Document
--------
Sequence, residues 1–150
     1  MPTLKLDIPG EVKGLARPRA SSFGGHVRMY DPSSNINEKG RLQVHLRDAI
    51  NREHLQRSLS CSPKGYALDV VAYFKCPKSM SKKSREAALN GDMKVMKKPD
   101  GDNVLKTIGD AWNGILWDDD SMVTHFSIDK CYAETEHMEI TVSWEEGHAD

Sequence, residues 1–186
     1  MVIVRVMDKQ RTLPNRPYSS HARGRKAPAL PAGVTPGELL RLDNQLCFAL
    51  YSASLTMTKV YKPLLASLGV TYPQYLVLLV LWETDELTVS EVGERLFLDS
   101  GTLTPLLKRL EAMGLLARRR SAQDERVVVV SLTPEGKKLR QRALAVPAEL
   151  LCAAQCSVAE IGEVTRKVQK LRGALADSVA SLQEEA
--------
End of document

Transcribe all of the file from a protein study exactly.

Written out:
Sequence, residues 1–150
     1  MPTLKLDIPG EVKGLARPRA SSFGGHVRMY DPSSNINEKG RLQVHLRDAI
    51  NREHLQRSLS CSPKGYALDV VAYFKCPKSM SKKSREAALN GDMKVMKKPD
   101  GDNVLKTIGD AWNGILWDDD SMVTHFSIDK CYAETEHMEI TVSWEEGHAD

Sequence, residues 1–186
     1  MVIVRVMDKQ RTLPNRPYSS HARGRKAPAL PAGVTPGELL RLDNQLCFAL
    51  YSASLTMTKV YKPLLASLGV TYPQYLVLLV LWETDELTVS EVGERLFLDS
   101  GTLTPLLKRL EAMGLLARRR SAQDERVVVV SLTPEGKKLR QRALAVPAEL
   151  LCAAQCSVAE IGEVTRKVQK LRGALADSVA SLQEEA